Flash forward to 2008, and Rupchock-Schafer—then a marketing and communications director for Church World Service in Elkhart, a multidenominational nonprofit that focuses on poverty relief—attended the inaugural Hunger Justice Leader Training in Washington, DC. This program is administered by another nonprofit, Bread for the World, which equips people to advocate for hunger relief through letters, emails, personal meetings with legislators, lobbying— in short, getting involved on every possible level with policy makers in government. It is also an ecumenical organization that speaks of the moral, Christian duty to help those who are hungry.
“The Bible talks endlessly about fighting hunger,” Rupchock-Schafer says. She felt so strongly about that mission, she ended up on Bread for the World’s board, a position she still holds.
A big way she helps is through advocacy: making sure people in need are heard.
It’s not that they’re voiceless. They have voices. But, she says, those voices aren’t always heard, or they might not always speak up. Poverty shaming, she says, is a powerful force, and once people internalize that shame, it’s hard for them to speak up. But with someone’s help, she says, many who find the courage to speak up become some of the strongest advocates for food-insecure people.
“My mission is helping them express that: get their butts to [their representatives’] offices,” she says, adding that people in government “need to listen to these people.”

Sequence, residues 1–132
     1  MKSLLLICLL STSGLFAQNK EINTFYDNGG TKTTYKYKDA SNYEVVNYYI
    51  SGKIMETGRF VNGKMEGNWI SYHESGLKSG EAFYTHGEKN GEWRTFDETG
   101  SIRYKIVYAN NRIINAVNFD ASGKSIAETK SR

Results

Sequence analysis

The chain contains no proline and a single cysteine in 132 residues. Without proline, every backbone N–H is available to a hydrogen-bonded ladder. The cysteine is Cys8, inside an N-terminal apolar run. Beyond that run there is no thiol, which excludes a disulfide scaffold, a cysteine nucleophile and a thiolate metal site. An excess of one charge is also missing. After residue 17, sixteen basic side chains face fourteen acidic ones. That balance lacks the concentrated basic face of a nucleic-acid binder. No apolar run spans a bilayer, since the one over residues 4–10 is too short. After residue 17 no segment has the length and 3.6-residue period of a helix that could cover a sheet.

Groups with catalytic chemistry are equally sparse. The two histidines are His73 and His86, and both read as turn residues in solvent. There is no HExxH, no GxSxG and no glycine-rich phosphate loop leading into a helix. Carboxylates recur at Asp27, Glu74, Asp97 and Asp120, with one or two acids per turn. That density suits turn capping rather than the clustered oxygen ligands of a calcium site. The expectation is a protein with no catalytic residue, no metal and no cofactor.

Rupchock-Schafer, who lives in Marshall County with her husband and two sons, has worked to show lawmakers what food challenges people face in Michiana. As director of development and communications for the Marshall County Community Foundation, she is quick to point out that hyperlocal issues—not just global—are important to bring to legislators’ attention.
She chairs the Marshall County Food Council, which connects food producers and aid organizations around the county to promote a sustainable local food system, reducing waste and helping the needy. The Food Council formed a little over a year ago, with support of the Community Foundation and the Marshall County Purdue Extension.
The importance of these types of hyperlocal organizations lies in defining the challenges of the Michiana area. Food solutions that work in an urban area don’t always translate to rural communities. One example Rupchock-Schafer gives is summer school lunch programs. When eligible students live where there is no public transit or simply far away, how do you get them to the food?